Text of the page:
Performing stunts like kissing venomous snakes, particularly cobras is considered extremely courageous by the snake handling community. Despite these stunts that can lead to death, many try to showcase this as a sign of their power.
In the seventies and eighties, when people like Romulus Whitaker, Neelimkumar Khaire and others started working on the conservation of snakes there was a need to glamorise this field to help people overcome their deep rooted fear and superstitions. Stunts like, ‘72 hours with venomous snakes’ or other live snake shows were shows meant to uproot that phobia. Social Media was non-existent during those days, so we didn’t see the dark side of these activities most of which were done by people with a genuine interest in snakes.
The recent cases of Sarp Mitra (snake rescuers) or ‘snake friends’ from Panvel and Badlapur who’ve have been bitten on their upper lip while doing stunts or while on a ‘rescue’ as claimed by them are results of misplaced heroism and wrong guidance. I admit that many seniors involved in the field of herpatology including me are to be blamed for this. We have been wrong in our communications. Maybe we simply never took a stand against such stunts earlier.
Infact, my concern and worry only increases each time I hear about such incidents. I have a list of 29 snake friends just from Western Maharashtra who have died from snakebites though we don’t know if those were accidents, mistakes or simply carelessness.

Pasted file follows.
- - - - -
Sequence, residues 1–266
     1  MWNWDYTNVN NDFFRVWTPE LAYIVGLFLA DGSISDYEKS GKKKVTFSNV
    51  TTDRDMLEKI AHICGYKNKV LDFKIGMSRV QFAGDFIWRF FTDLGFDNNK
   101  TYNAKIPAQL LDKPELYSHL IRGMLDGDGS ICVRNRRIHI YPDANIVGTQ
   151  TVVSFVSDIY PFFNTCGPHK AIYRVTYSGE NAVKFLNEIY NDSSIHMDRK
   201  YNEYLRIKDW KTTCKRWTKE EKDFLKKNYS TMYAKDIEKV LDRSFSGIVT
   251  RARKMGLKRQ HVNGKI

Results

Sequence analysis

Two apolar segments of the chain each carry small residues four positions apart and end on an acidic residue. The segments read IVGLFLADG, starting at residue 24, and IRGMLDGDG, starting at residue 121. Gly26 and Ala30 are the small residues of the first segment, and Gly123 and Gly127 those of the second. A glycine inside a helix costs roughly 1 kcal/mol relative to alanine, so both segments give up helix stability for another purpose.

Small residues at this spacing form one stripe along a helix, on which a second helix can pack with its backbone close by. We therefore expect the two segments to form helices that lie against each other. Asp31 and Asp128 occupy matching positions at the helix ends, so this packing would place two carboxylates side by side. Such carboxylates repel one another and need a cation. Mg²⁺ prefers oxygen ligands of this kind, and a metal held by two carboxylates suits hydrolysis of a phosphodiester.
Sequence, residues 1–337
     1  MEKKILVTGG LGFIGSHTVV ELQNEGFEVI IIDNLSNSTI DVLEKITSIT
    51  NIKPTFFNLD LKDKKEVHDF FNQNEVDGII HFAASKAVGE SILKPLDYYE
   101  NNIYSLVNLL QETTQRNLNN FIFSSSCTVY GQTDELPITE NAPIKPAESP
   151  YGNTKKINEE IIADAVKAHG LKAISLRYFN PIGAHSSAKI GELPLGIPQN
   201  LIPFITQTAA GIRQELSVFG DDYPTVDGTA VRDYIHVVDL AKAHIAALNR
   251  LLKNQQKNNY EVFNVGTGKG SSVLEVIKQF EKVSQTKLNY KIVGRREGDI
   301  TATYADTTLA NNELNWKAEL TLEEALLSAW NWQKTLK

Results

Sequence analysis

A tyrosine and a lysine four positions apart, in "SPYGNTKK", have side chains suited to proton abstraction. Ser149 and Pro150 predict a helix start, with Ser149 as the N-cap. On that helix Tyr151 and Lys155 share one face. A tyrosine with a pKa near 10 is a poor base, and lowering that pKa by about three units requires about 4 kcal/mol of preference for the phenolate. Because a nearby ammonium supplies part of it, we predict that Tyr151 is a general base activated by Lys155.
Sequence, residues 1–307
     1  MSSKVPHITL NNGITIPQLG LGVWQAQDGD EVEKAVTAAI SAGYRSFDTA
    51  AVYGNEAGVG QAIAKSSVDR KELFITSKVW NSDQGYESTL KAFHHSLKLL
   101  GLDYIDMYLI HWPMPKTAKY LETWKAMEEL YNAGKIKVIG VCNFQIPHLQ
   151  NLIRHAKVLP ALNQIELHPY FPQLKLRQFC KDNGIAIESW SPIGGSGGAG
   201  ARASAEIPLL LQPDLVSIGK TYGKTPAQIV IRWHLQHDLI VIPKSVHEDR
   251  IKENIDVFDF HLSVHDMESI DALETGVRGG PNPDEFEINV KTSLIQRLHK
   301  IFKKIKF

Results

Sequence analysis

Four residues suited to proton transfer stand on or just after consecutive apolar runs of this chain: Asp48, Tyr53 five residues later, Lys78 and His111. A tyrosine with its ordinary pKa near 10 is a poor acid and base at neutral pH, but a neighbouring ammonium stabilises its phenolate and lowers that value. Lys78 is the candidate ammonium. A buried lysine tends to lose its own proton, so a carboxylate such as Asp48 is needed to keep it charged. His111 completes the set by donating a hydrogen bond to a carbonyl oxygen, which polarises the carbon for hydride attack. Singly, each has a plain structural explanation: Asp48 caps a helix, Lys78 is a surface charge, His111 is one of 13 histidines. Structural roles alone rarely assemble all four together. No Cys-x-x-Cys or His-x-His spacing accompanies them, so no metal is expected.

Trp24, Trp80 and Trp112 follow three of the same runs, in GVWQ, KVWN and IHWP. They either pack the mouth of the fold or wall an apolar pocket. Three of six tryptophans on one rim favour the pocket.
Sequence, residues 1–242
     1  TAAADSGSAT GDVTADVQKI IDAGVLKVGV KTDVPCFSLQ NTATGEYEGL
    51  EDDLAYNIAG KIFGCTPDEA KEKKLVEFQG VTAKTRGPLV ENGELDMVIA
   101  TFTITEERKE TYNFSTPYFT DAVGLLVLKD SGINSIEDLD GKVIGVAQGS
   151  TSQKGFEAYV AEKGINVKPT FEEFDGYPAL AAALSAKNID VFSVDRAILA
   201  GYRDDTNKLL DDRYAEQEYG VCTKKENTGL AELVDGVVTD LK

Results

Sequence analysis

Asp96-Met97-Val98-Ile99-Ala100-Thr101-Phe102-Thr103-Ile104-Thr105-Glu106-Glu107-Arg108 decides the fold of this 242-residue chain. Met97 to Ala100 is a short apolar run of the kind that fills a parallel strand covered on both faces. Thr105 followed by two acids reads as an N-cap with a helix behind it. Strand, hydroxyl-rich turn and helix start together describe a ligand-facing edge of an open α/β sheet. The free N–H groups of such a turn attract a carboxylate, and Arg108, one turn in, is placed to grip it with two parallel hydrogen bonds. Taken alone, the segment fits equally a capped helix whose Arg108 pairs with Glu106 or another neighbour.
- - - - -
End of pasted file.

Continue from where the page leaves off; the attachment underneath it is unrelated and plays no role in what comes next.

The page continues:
It’s high time snake handling and other stunts be completely stubbed, else the snake – rescuing community will be split into two — one genuinely working for the welfare of snakes and other using the mask of snake conservation.
Authorities should not shy away from creating awareness, educating and even taking legal action if need be to curb the ‘Stunts with Snakes’ menace. Infact, experts need to guide the new generation of snake rescuers so their goal is not limited.
Dominance over wild animals is part of misplaced human behaviour. Fear and fascination for the reptile leads to the want to become famous. The media too needs to play a major role and stop glamourising snake handling.
The forest department should be more vigilant and proactive. All those working for snakes need to practise self discipline and show zero tolerance towards anyone involved in such activities.